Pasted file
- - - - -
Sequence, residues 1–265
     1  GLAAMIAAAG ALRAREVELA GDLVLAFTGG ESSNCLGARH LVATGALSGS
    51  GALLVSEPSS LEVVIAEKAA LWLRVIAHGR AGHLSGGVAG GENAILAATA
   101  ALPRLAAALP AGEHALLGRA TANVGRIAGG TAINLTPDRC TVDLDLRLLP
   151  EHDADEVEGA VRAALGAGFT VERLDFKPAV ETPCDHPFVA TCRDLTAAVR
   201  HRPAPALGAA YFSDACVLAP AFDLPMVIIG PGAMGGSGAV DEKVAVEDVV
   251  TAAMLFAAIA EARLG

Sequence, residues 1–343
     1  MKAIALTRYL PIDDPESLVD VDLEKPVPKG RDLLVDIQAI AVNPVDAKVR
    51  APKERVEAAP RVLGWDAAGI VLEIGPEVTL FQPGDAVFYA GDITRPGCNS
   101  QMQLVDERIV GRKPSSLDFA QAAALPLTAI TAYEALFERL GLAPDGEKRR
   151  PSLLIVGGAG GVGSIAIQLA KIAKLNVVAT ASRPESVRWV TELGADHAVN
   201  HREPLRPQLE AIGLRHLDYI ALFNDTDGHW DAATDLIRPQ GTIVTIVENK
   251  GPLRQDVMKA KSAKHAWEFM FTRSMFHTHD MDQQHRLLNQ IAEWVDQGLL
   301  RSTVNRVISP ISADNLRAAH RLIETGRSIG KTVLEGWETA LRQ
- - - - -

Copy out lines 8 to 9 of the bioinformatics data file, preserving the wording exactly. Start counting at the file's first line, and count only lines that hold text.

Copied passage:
Sequence, residues 1–343
     1  MKAIALTRYL PIDDPESLVD VDLEKPVPKG RDLLVDIQAI AVNPVDAKVR